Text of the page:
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Interview: U.S. Fate Is in U.S. Hands

September 1, 2012

Robert V. Merry in The National Interest

No one disputes that Zbigniew Brzezinski resides within the circle of America’s most brilliant and prolific foreign-policy experts. The former White House national-security adviser under Jimmy Carter has written or coauthored eighteen books, including his most recent, Strategic Vision: America and the Crisis of Global Order, a probing analysis of America’s challenges in a fast-changing world. (…)

In your book, you talk about the Atlantic West’s grand opportunity for what you called a “new era of Western global supremacy” after the Soviet collapse. But it didn’t happen. To what extent do you think this failure resulted from human folly, and to what extent was it a product of forces beyond the control of the Atlantic West or its leaders?

I think both. But the West was fatigued, and Europe, certainly, lost a sense of its global responsibility and became more provincial in outlook. That, in part, was connected unavoidably with the task of constructing something that was called, originally, the European Community, that led to the European Union (although the two names should have been in a different sequence, because the European Community had more coherence than the current European Union). And the United States embarked on a kind of self‑gratification and self‑satisfaction, almost acting as if it really thought that history had come to an end. We did not anticipate the new, novel conditions of the world that were emerging, I think, with increasing clarity, which I try to address in my recent book, Strategic Vision.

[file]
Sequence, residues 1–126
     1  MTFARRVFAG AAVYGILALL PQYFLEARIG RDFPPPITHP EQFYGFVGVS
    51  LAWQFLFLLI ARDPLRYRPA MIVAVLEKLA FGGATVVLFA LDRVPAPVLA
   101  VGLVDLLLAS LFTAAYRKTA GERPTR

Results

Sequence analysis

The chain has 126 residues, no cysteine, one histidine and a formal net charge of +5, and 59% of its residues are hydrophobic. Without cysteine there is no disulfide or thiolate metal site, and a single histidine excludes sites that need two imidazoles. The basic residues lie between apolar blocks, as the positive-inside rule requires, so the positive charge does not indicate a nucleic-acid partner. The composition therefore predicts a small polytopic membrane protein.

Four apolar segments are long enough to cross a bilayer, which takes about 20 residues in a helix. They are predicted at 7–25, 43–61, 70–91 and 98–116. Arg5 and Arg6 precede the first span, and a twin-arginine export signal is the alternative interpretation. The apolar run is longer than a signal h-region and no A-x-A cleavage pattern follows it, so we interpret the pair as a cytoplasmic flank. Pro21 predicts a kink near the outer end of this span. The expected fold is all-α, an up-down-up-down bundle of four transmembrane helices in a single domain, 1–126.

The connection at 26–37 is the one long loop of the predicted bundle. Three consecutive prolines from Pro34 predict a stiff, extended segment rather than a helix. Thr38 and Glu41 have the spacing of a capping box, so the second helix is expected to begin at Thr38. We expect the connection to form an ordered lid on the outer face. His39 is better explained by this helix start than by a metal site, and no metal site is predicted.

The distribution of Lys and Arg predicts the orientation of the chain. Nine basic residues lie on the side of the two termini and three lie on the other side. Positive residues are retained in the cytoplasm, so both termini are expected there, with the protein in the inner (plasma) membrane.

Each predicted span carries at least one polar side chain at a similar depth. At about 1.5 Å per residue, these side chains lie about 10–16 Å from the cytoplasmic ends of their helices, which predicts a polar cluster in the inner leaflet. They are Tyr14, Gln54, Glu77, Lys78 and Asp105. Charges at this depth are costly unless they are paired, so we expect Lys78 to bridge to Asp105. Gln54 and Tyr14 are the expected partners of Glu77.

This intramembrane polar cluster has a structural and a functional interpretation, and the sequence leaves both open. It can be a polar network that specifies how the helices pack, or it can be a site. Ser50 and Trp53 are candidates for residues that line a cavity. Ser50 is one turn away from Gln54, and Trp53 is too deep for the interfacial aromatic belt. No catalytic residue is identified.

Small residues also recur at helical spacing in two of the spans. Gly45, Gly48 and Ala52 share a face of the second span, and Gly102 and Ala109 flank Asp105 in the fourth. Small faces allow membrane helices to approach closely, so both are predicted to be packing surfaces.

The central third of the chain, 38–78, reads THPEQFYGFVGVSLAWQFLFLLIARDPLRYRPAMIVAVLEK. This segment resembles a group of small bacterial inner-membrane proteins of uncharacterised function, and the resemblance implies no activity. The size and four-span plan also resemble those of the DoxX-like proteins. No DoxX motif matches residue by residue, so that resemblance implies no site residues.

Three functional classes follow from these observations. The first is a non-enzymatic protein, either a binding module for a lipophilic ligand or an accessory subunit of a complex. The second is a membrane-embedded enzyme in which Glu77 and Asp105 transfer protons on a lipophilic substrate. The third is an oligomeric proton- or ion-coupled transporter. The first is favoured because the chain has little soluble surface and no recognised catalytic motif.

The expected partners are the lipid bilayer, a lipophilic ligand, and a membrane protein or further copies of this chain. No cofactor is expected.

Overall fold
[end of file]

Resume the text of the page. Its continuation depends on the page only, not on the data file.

So these forces were pretty substantial, but to what extent did some of the decisions of that time—the Iraq War, for example—lead to this result?

You know my views on the Iraq War. I think that it was a disaster. A disaster in the sense of undermining American legitimacy worldwide, damaging the credibility of the president and of the office of the president, and entailing costs for the United States, which were not insubstantial in terms of lives lost and people maimed, and enormous economically—all contributing to a more unstable Middle East. Because whether we liked Saddam Hussein or not, and he was obviously obnoxious, he was a strong source of containment of Iranian Middle Eastern ambitions. Today, a divided Iraq, an unstable Iraq, a porous Iraq is very susceptible to Iranian influence and, if need be, destabilization. [More]

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